licorice, Glycyrrhiza glabra, isn't grown in Austin, Texas gardens,
but try these substitutes...
Licorice verbena is a shrubby tender
perennial that may grow up to 4 feet tall. It has large, lime green,
pointed leaves covered with stiff, scratchy hairs. It has a sweet
licorice scent and taste. Licorice verbena is best grown in a pot
so it can be brought inside during winter. Prune frequently to encourage
dense growth. It can grow in a shady location, but will have "leggy"
growth unless given morning sun.
False licorice is a charming ornamental
originally from South Africa. It has small, round, gray, woolly leaves
that invite touching. It is a creeping plant that is most attractive
when placed in hanging baskets, rock wall pockets or at the base of larger
potted plants. Hardy to zones 8-9, it is best to bring it in during
Austin, Texas winters or place it in a very protected location. False
licorice requires well draining soil and a sunny site. Central Texas
humidity is its worst enemy, be sure there is good air circulation around
Ocimum basilicum 'Anise'
This is a somewhat lanky growing basil with a sweet licorice
flavor. It grows to 30 inches and has pinkish whorls of flowers.
It is also called 'Licorice'. The licorice flavor is combined with
a "clove" taste. It is easily grown from seed and may even reseed
itself in the garden. Give it full sun and moist but well drained
soil. Pick frequently to encourage dense foliage.
Family Apiaceae TAMPhoto(142k)
Fennel is a licorice flavored herb
with feathery plumes of foliage and stunning umbels of yellow flowers.
Fennel seeds are best sown directly into the ground in early fall in Austin,
Tx. A hard freeze may nip the fennel, but it usually reappears as
temperatures warm. When summer heat comes the plant quickly bolts.
Fennel does well in full sun, but afternoon shade is tolerated.
The soil should be rich and moist, but well-drained. Fennel is a
food source for swallowtail butterfly caterpillars. In the language
of flowers, fennel is considered an emblem of strength.
Mexican Mint Marigold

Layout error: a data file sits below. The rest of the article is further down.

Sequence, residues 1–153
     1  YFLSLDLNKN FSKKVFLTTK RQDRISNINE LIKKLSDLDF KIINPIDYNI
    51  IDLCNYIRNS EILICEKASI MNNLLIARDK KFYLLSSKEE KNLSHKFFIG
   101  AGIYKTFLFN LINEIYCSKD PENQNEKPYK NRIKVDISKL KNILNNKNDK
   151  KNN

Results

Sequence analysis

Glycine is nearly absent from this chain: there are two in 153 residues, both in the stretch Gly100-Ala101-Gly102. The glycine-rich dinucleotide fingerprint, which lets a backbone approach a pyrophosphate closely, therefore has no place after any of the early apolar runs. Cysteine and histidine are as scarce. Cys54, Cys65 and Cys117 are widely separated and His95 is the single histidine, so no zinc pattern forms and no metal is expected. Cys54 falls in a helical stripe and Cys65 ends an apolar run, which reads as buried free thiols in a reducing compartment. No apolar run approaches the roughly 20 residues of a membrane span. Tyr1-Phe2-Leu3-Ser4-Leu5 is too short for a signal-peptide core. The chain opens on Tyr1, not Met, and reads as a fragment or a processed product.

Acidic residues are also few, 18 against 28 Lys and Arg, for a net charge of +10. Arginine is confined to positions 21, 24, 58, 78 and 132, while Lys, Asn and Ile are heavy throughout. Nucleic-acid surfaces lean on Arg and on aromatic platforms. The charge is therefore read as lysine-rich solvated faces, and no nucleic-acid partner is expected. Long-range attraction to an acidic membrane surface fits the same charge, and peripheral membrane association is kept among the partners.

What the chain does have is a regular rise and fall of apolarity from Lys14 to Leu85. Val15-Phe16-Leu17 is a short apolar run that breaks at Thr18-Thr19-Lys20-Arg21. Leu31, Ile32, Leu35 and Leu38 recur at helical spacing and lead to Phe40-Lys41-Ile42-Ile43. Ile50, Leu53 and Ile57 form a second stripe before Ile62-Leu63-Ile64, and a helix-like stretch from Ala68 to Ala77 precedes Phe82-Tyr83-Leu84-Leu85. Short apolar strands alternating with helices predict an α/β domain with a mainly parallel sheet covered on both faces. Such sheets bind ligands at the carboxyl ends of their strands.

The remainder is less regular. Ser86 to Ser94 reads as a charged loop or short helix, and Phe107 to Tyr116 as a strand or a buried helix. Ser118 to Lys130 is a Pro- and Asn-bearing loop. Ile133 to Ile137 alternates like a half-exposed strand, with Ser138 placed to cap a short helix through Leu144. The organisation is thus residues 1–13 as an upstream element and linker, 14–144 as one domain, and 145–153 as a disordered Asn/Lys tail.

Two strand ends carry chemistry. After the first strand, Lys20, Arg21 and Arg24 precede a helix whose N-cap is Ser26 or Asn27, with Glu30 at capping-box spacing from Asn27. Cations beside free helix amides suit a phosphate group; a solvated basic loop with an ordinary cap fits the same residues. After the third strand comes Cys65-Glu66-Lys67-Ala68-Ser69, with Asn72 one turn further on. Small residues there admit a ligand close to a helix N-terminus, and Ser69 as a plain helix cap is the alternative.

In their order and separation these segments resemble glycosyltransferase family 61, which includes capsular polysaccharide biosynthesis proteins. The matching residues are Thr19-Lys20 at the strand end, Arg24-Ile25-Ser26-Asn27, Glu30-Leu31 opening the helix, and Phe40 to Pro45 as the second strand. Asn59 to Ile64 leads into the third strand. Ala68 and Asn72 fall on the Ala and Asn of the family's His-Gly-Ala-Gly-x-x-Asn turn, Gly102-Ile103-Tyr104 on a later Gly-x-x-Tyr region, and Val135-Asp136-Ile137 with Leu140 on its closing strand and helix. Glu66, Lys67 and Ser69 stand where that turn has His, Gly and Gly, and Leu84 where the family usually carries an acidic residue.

South Texans have trouble keeping
tarragon through the long, hot summer, but instead they are blessed with
"Texas Tarragon". This anise flavored perennial is a wonderful addition
to the landscape. Growing to 30 inches, the shapely clump becomes
ablaze in fall with golden marigold-like blossoms. As if beauty weren't
enough, the plant's delightful anise flavor that can be used in place of
tarragon (but it is not an identical substitute, the taste of mexican mint
marigold is milder and more anise-like). It also makes an excellent
addition to teas and punches, especially if combined with lemon flavored
herbs. Mexican Mint Marigold is easy to grow. It does best
in full sun and wants well draining soil. It is fairly drought tolerant.
It may be propagated by seeds, root divisions, or cuttings. The plant
will die back during cold weather, but springs to life with its stems of
elongated leaves when spring temperatures arrive. In Northern climates
it is grown as an annual.
Anise hyssop is a delightful licorice
scented perennial native to the great plains of North America.
Growing to three feet in height, anise hyssop has triangular, dark gray
green leaves and spikes of violet flowers in the summer. Bumblebees
and butterflies are attracted to the flowers. It does best in full
sun and well-drained soil. It is easily sown from seed and once established
in your garden, seedlings may begin popping up in unexpected places.
The tea made from the leaves of anise hyssop is sweet and soothing.